The U.S. marriage rate has dropped to the lowest on record since the federal government began keeping the data in 1867, the Wall Street Journal reported Wednesday.
The marriage rate fell 6% in 2018, with 6.5 unions formed for every 1,000 people, according to the National Center for Health Statistics report. The report reflects how economic insecurity and changing norms are eroding marriage, which has plunged since the Great Depression of the 1930s, according to the Wall Street Journal.
“Millennials are in peak marriage years, their 20s and 30s, and it’s still dropping,” Sally Curtin, a statistician at the center, told the Wall Street Journal. “This is historic.”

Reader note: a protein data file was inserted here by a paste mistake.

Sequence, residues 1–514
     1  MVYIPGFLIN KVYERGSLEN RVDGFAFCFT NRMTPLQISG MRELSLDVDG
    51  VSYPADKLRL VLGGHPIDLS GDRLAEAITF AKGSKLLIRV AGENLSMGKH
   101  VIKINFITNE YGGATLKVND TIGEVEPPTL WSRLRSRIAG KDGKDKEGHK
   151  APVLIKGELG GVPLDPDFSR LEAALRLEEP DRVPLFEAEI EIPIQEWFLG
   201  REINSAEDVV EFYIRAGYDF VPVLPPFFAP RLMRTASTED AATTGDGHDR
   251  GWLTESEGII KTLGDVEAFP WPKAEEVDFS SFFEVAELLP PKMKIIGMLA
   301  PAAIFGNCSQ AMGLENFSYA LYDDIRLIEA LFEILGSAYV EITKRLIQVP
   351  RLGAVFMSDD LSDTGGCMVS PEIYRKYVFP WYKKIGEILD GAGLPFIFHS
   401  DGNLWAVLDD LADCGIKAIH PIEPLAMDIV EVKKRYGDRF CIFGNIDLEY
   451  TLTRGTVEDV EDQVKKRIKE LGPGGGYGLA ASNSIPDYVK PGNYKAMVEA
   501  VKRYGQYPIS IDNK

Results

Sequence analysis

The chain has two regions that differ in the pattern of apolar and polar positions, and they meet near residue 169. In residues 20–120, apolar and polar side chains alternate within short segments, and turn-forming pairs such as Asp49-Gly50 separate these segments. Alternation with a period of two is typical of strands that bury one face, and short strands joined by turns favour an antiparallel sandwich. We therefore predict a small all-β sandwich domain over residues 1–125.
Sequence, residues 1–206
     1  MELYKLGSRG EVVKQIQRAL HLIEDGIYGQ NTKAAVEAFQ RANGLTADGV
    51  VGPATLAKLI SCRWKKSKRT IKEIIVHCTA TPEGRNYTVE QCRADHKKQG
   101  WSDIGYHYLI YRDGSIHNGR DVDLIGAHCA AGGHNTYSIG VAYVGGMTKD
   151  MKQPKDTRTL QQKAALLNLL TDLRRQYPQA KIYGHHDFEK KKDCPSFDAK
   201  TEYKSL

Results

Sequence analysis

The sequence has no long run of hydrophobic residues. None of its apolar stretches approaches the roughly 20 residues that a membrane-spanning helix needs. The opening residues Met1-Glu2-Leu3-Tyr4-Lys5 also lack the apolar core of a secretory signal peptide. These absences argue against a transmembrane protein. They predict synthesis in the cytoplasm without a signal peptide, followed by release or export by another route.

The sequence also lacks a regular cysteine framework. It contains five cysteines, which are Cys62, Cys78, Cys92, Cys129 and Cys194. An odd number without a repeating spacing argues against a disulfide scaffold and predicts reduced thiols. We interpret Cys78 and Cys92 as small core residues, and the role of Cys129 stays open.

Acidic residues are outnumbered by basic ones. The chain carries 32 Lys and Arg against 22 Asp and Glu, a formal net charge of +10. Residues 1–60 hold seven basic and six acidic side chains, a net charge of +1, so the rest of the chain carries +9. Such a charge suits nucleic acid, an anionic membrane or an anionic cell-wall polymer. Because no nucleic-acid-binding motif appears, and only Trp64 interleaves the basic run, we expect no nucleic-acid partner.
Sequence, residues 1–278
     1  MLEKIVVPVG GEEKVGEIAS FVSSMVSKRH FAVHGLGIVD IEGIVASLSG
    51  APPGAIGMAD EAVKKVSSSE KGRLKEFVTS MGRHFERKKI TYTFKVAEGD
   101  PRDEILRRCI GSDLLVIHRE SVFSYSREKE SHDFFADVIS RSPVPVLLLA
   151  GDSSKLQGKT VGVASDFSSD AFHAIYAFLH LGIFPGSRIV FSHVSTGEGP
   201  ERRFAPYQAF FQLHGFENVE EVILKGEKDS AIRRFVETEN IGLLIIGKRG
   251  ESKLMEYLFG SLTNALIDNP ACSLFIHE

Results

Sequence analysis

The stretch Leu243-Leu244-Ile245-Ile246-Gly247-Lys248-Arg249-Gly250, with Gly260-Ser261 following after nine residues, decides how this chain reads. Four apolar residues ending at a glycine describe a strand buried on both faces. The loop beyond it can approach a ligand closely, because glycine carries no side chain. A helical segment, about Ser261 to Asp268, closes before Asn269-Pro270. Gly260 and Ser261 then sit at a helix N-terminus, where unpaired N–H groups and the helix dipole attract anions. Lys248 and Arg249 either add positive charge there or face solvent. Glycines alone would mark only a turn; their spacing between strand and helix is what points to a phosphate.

The marriage rate rebounded sharply after World War II, when marriages hit a high of 16.4 marriages per 1,000 people in 1946. But beginning in 1982, the rate declined until 2009, when it flattened before inching upward in 2014. (RELATED: Unmarried Couples Are Having Nearly Half Of America’s Kids)
Declining religious observation and growing acceptance of cohabitation have also contributed to the marriage decline, according to the Wall Street Journal.
The marriage decline has come for middle earners and those with only a high-school education, and the coronavirus pandemic may further discourage marriage due to financial insecurity.
However, the pandemic could also result in a burst in marriages once restrictions are lifted and the economy rebounds.